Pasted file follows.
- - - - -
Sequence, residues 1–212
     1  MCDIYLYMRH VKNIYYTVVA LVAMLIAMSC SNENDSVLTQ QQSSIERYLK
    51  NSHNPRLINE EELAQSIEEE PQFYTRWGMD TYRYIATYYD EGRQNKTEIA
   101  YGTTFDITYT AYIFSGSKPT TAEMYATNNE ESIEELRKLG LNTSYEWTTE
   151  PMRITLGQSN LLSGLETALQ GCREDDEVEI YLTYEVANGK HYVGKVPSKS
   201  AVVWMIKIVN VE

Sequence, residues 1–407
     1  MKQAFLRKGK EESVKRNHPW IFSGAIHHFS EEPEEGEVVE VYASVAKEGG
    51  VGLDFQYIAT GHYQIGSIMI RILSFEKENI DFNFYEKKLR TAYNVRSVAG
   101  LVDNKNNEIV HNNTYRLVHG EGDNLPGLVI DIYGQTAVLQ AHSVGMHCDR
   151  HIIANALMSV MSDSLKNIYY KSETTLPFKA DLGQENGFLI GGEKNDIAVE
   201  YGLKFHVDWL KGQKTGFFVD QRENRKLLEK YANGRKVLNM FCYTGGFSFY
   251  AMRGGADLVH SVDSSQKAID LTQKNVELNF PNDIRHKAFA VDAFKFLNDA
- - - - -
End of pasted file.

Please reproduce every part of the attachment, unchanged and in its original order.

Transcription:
Sequence, residues 1–212
     1  MCDIYLYMRH VKNIYYTVVA LVAMLIAMSC SNENDSVLTQ QQSSIERYLK
    51  NSHNPRLINE EELAQSIEEE PQFYTRWGMD TYRYIATYYD EGRQNKTEIA
   101  YGTTFDITYT AYIFSGSKPT TAEMYATNNE ESIEELRKLG LNTSYEWTTE
   151  PMRITLGQSN LLSGLETALQ GCREDDEVEI YLTYEVANGK HYVGKVPSKS
   201  AVVWMIKIVN VE

Sequence, residues 1–407
     1  MKQAFLRKGK EESVKRNHPW IFSGAIHHFS EEPEEGEVVE VYASVAKEGG
    51  VGLDFQYIAT GHYQIGSIMI RILSFEKENI DFNFYEKKLR TAYNVRSVAG
   101  LVDNKNNEIV HNNTYRLVHG EGDNLPGLVI DIYGQTAVLQ AHSVGMHCDR
   151  HIIANALMSV MSDSLKNIYY KSETTLPFKA DLGQENGFLI GGEKNDIAVE
   201  YGLKFHVDWL KGQKTGFFVD QRENRKLLEK YANGRKVLNM FCYTGGFSFY
   251  AMRGGADLVH SVDSSQKAID LTQKNVELNF PNDIRHKAFA VDAFKFLNDA